Tempe, Arizona-based First Solar Inc. announced at the end of 2022 that Lawrence County’s Mallard Fox Industrial Park will be the location of its newest American photovoltaic (PV) solar module manufacturing facility. The 2.4 million-square-foot plant has a planned annual capacity of 3.5 gigawatts (GW) and is part of a previously announced investment in scaling the company’s American manufacturing footprint to more than 10 gigawatts (GW) by 2025. The fully vertically integrated facility will be the company’s fourth, joining three factories in Ohio. In August, First Solar also announced plans for a fifth facility in Iberia Parish, Louisiana, expected to be complete in the first half of 2026.

The Alabama facility, on schedule to be complete by 2025, will manufacture the Series 7 TR1 solar panel modules. Designed in California and Ohio, they are the company’s newest and most advanced panels and combine First Solar’s thin film cadmium telluride (CadTel) technology with a larger form factor and an innovative galvanized steel back rail mounting system to improve efficiency, installation and lifetime energy performance for utility-scale PV projects.

The plant represents an investment of approximately $1.1 billion and is expected to create more than 700 new direct manufacturing jobs in the state and bring the company’s total number of direct jobs in the U.S. to more than 3,000 by 2025.

Of the world’s ten largest solar manufacturers, First Solar is the only one headquartered in the U.S. The Lawrence County project is expected to bring the company’s total investment in American manufacturing to more than $4 billion.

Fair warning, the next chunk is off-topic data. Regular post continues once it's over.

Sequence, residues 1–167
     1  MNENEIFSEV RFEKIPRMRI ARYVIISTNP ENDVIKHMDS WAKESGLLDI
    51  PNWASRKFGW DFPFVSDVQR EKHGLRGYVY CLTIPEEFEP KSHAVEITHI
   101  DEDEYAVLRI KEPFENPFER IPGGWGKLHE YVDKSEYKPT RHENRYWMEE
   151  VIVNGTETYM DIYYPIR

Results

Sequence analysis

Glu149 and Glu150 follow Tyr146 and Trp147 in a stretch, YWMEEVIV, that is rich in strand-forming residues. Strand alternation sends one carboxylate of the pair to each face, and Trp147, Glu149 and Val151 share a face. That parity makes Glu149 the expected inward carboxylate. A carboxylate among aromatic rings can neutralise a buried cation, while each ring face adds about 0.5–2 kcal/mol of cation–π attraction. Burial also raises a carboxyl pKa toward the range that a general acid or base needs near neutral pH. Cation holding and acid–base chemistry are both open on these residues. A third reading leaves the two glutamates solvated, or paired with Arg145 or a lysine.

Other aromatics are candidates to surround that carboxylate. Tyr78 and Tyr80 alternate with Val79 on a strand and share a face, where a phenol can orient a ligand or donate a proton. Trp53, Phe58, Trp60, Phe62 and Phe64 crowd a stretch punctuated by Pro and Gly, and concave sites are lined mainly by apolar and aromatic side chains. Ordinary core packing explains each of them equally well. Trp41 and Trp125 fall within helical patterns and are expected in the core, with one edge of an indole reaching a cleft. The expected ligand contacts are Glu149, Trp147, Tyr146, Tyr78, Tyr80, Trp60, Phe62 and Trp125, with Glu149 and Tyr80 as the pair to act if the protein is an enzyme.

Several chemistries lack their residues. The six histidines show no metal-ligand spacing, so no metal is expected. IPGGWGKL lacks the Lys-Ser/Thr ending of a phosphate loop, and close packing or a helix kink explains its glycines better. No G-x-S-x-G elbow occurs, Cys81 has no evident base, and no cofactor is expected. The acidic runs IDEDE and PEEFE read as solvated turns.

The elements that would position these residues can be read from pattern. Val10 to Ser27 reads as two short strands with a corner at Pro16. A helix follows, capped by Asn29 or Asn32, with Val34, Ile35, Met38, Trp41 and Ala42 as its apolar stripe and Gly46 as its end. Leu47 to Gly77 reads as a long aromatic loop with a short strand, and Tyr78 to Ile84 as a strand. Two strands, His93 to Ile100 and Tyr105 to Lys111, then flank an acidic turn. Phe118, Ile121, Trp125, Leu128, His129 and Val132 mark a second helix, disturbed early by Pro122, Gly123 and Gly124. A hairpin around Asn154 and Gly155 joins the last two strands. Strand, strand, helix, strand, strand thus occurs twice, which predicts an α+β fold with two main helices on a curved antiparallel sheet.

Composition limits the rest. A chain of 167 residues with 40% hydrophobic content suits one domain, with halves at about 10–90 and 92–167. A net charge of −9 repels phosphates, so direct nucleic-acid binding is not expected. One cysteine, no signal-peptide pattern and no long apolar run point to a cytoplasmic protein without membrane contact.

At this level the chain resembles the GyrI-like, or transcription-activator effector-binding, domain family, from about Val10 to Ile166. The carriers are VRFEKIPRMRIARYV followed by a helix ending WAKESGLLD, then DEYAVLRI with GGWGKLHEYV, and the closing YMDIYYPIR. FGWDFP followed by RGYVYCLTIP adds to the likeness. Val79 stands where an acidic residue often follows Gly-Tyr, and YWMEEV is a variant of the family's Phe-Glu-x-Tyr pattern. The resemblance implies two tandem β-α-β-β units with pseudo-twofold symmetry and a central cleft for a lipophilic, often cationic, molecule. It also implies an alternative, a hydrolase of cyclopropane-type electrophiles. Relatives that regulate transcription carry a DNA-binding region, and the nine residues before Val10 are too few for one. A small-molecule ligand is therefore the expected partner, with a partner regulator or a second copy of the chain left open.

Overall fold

In July, the Tennessee Valley Authority (TVA) announced it had secured 279 megawatts of advanced thin film solar panels for its Lawrence County Solar Project that is planned to begin commercial operation in 2027.

Envisioning a new bridge over the Mobile River to replace traffic-clogged tunnels.

Mobile Bay Bridge and Bayway Project

A plan decades in the making is finally underway as Mobile and Baldwin counties prepare to break ground on the I-10 Mobile River Bridge and Bayway Project. It is estimated to cost $2.7 billion, making it the most expensive road project in the state’s history, and includes building a new bridge over the Mobile River and replacing the interstate across Mobile Bay.

Currently, the I-10 corridor around the Wallace Tunnel in downtown Mobile averages more than 78,000 vehicles daily — two and a half times its design capacity — and is the cause of regular traffic congestion, a condition that worsens each year. The new project aims to increase the capacity of I-10 to meet existing and future traffic volumes, provide a direct route for vehicles transporting hazardous materials, minimize impacts to Mobile’s maritime industry, and facilitate economic growth by improving access to major industrial and freight destinations in the Mobile area.

The Alabama Department of Transportation is finalizing contracts with two design-build joint venture teams. Kiewit-Massman-Traylor will build a new six-lane I-10 bridge with a minimum of 215 feet of air draft clearance over the Mobile River, and Mobile Bay Constructors will build a new wider and higher Bayway, designed to meet current standards.  Since the current structure is not able to meet capacity and storm surge requirements, it will be demolished once the new Bayway is open to traffic. Upgrades to appropriate I-10 interchanges in Mobile and Baldwin counties are also planned.

The completed project will include an all-electronic toll system with a proposed rate of $2.50 per trip for cars with transponders, $5.50 for those without transponders and a $40 per month unlimited use option. Only new infrastructure will require tolls, with the Wallace Tunnel, the Bankhead Tunnel, the Africatown Bridge and the Causeway remaining free options.

“The Mobile River Bridge and Bayway Project is a testament to the collective dedication and vision of our community,” says Mobile Chamber President & CEO Bradley Byrne. “This initiative is more than just an infrastructure upgrade; it’s a lifeline for our region’s economic growth and our standing as a key player for companies looking to locate here.”

Construction is scheduled to start in 2024 and is expected to take five years to complete.

Katherine MacGilvray is a Huntsville-based freelance contributor to Business Alabama.

This article appears in the December 2023 issue of Business Alabama.